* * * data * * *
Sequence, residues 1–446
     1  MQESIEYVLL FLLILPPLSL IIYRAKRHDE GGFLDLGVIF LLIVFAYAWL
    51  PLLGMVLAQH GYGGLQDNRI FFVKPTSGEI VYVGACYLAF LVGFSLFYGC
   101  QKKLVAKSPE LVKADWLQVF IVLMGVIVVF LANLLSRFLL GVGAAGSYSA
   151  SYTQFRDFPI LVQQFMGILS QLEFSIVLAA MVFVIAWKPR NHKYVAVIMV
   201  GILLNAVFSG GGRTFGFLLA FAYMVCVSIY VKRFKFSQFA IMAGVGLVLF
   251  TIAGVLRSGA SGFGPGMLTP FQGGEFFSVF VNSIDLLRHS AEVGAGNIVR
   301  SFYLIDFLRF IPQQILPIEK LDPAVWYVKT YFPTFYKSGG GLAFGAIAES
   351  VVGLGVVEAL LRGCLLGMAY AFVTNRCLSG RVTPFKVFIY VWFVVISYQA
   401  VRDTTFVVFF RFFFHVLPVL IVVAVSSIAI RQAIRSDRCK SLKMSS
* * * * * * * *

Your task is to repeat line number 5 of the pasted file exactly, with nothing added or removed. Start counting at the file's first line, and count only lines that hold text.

   151  SYTQFRDFPI LVQQFMGILS QLEFSIVLAA MVFVIAWKPR NHKYVAVIMV